Musical robot companion Shimi is more than a docking system
Georgia Tech’s Center for Music Technology developed a robot whose role is to be a musical companion. Named Shimi, the robotic musical companion is able to recommend songs, dance to the beat, and even create new, unique musical compositions. Instead being just a docking station, the robot increases interactivity and various features which can be introduced with smartphone apps.
“Shimi is designed to change the way that people enjoy and think about their music”, said Professor Gil Weinberg, director of Georgia Tech’s Center for Music Technology and the robot’s creator. “If robots are going to arrive in homes, we think that they will be these kind of machines – small, entertaining and fun. They will enhance your life and pave the way for more sophisticated service robots in our lives.”
Shimi acts as a robotic docking station with a “brain” powered by an Android or iPhone smartphone. Once the smartphone is docked, the robot recognizes the type of it and relies on sensing and musical playback capabilities of the user’s mobile device in order to stream the music from the device onto the hi-def speakers which are positioned as the robot’s ears.
Shimi can interact with its users by relying on sensors of the smartphone. By employing the video data from smartphone’s camera, it can use facial and speech recognition algorithm to follow a listener around the room and position its speakers in right direction to provide the optimal sound. While this feature is useful for a single user, it could be a nuisance with multiple people around the robot.
Another recognition feature is based on rhythm and tempo detection. If the user taps or claps a beat, Shimi analyzes it, scans the phone’s musical library and immediately plays the song that best matches its ability to interpret the suggestion. This detection also allows the robot to dance to the rhythm.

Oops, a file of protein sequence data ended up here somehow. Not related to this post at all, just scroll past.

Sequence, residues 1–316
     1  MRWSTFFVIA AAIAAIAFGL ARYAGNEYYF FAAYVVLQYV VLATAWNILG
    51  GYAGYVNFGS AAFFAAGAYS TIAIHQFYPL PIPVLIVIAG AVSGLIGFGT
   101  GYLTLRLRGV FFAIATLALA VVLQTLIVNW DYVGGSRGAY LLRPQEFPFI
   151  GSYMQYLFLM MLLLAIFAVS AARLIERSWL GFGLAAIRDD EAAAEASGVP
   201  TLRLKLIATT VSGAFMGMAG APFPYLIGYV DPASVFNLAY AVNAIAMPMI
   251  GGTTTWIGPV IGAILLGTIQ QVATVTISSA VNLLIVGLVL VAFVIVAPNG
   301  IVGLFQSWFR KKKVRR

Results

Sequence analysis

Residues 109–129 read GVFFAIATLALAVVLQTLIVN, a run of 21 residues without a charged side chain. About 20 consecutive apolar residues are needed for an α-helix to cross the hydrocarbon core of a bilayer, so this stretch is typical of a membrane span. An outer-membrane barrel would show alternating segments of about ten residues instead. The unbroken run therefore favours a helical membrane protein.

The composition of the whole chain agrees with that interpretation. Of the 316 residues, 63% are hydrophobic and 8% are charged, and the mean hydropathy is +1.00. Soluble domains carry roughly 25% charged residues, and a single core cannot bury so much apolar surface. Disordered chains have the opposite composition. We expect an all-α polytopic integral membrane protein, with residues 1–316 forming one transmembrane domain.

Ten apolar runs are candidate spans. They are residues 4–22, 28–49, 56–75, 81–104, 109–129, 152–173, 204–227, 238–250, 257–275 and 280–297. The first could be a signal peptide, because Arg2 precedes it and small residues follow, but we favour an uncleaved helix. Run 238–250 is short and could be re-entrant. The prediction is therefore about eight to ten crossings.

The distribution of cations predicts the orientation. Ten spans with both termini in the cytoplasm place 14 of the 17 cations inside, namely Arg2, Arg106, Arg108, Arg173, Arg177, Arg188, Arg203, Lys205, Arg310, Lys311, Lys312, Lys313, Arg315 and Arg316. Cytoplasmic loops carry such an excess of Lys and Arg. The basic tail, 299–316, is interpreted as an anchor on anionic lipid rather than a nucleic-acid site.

“Many people think that robots are limited by their programming instructions”, said Music Technology Ph.D. candidate Mason Bretan. “Shimi shows us that robots can be creative and interactive.”
Bad news if you tend to perform inarticulate dancing, since Shimi’s developers work on its gesture recognition. They plan to develop features which will make the robot more interactive. New features will include the ability to detect whether the users are shaking their head in disagreement or wave a hand in the air to signal Shimi to skip to the next song or adjust the volume.
Once integrated with other apps on your smartphone, Shimi could prove useful by helping you with notifications about events in your online social life by providing sound or gesture feedback. For instance, the robot could alert you when you get a Facebook post, do a shimmy when you get a new Twitter follower, or broadcast your dance parties to your remote friends around the world.
The robot will also have the capability to recommend new music based on the user’s song choices and provide feedback on the music play list, and the researchers hope that other developers will come with more apps and games that will improve Shimi’s creative and interactive capabilities.
In order to commercialize the idea, a group of robot researchers and entrepreneurs from Georgia Tech, IDC in Israel, and MIT Media Lab, formed a company named Tovbot which will make the robot available to consumers by the 2013 holiday season. Its price hasn’t been announced yet.